## Editorial for DMOPC '15 Contest 3 P4 - Contagion

Remember to use this editorial only when stuck, and not to copy-paste code from it. Please be respectful to the problem author and editorialist.

Submitting an official solution before solving the problem yourself is a bannable offence.

Author: cheesecake

Knowledge required: Dijkstra's algorithm, binary search.

The given graph is a complete graph, where the countries are the vertices and the infection times are the edges. The number of countries infected at a given hour is the number of vertices with a shortest path from the source.

Note that on a complete graph, both priority queue Dijkstra's and SPFA will time out at their worst case complexities. The correct solution uses "classical" Dijkstra's to find the shortest path to every country. After sorting the array containing the shortest paths, we can binary search to find the answer to each query.

Time Complexity:

Bonus: What is the worst case complexity of priority queue Dijkstra's and SPFA on a complete graph? Why?

• commented on Jan. 27, 2020, 8:52 p.m. edited

In fact it's possible to pass all the cases using the C++ priority_queue, by encrpyting the node stored in the queue, and using fast input and output.

• commented on Jan. 28, 2020, 3:23 a.m.

Why do it in C++ when you can do it in Java!

If you use an Indexed Priority Queue, which allows for modifications of a key, it is possible to reduce the runtime of Dijkstra's from to where is the number of vertices and is the number of edges. Since , this doesn't seem like a huge improvement (in theory it's at most a constant factor of ); however, given how close the time limit is, and the fact that implementing most data structures yourself in Java often leads better performance than using the built-in data structures, the difference is noticeable (in fact, I was unable to get a solution to pass without this optimization).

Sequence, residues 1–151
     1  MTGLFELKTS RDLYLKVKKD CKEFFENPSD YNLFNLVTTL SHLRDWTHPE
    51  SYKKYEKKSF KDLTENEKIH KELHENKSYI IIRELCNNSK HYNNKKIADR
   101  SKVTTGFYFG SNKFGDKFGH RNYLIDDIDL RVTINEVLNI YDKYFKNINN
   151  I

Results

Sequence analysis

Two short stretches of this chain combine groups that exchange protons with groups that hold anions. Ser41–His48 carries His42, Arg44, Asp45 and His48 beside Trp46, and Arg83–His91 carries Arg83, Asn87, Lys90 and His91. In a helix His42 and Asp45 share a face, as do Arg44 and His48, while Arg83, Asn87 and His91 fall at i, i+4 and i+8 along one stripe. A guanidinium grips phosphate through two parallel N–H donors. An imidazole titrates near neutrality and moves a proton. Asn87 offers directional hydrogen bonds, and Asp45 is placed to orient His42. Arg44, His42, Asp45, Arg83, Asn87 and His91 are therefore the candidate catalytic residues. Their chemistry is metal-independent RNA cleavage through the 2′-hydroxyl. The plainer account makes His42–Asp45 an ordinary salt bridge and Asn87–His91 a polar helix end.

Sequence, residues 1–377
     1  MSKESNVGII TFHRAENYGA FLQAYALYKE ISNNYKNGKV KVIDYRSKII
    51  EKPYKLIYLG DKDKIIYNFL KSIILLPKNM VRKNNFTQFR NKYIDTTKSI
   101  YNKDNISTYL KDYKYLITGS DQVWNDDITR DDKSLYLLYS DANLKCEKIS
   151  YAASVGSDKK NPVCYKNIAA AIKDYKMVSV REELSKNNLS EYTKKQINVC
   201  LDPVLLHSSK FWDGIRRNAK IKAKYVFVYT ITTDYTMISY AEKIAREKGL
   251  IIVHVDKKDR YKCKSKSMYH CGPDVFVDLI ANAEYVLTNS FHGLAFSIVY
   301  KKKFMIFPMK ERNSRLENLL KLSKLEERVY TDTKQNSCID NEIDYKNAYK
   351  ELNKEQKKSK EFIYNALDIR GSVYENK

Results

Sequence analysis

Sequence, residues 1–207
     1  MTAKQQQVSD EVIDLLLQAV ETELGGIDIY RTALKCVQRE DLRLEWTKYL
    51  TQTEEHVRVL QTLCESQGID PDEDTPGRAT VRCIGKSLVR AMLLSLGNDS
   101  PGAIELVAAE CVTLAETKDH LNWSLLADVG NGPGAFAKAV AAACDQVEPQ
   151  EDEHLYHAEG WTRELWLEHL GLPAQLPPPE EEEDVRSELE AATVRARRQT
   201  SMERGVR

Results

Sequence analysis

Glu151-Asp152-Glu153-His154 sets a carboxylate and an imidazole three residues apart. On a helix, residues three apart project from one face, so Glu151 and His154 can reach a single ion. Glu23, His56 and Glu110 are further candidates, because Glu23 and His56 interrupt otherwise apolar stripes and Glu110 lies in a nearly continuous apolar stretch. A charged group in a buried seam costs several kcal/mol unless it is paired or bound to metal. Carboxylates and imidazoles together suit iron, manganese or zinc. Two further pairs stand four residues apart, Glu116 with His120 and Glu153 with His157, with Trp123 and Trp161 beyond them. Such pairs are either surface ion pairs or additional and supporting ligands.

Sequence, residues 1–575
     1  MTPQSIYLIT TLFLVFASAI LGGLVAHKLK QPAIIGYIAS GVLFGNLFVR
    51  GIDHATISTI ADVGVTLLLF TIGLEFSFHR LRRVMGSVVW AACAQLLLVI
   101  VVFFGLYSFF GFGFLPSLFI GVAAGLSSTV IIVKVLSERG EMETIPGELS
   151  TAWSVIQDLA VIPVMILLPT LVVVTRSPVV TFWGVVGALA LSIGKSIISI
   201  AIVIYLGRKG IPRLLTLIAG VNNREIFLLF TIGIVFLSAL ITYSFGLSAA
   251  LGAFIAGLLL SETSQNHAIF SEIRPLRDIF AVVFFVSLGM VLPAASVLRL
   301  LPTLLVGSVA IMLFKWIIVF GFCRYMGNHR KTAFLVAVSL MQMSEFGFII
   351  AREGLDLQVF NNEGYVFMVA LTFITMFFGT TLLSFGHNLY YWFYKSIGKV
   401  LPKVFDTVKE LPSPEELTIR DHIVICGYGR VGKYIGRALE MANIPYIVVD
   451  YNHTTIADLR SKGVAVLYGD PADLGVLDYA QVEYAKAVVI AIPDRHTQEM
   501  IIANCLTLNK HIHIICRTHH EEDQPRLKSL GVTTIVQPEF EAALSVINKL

• commented on Jan. 28, 2020, 6:53 p.m.

You're right, using Java's built-in PriorityQueue would TLE, unless you use SPFA, that is. Contrary to what the editorial says, even an unoptimized SPFA + built-in priority-queue implementation easily passes all the cases, at least in C++, Java, and PyPy :(

• commented on June 17, 2017, 11:14 a.m.

Can someone explain why you would use Dijkstra's in the first place? Why wouldn't you just find the direct distance between the source of the outbreak and each country? Wouldn't that always be the shortest distance?

• commented on Oct. 26, 2017, 5:14 p.m. edit 2

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• commented on June 17, 2017, 1:26 p.m. edit 3

While calculating the direct distance would be the shortest distance, the time it takes for the disease to spread is equal to the shortest distance squared. Consider 3 points at (0, 0), (0, 3), and (0, 4). Although the distance between points (0, 0) and (0, 4) is 4, the time is not 16. It is equal to the distance squared between (0, 0) and (0, 3) plus the distance squared between (0, 3) and (0, 4) for a total of 10.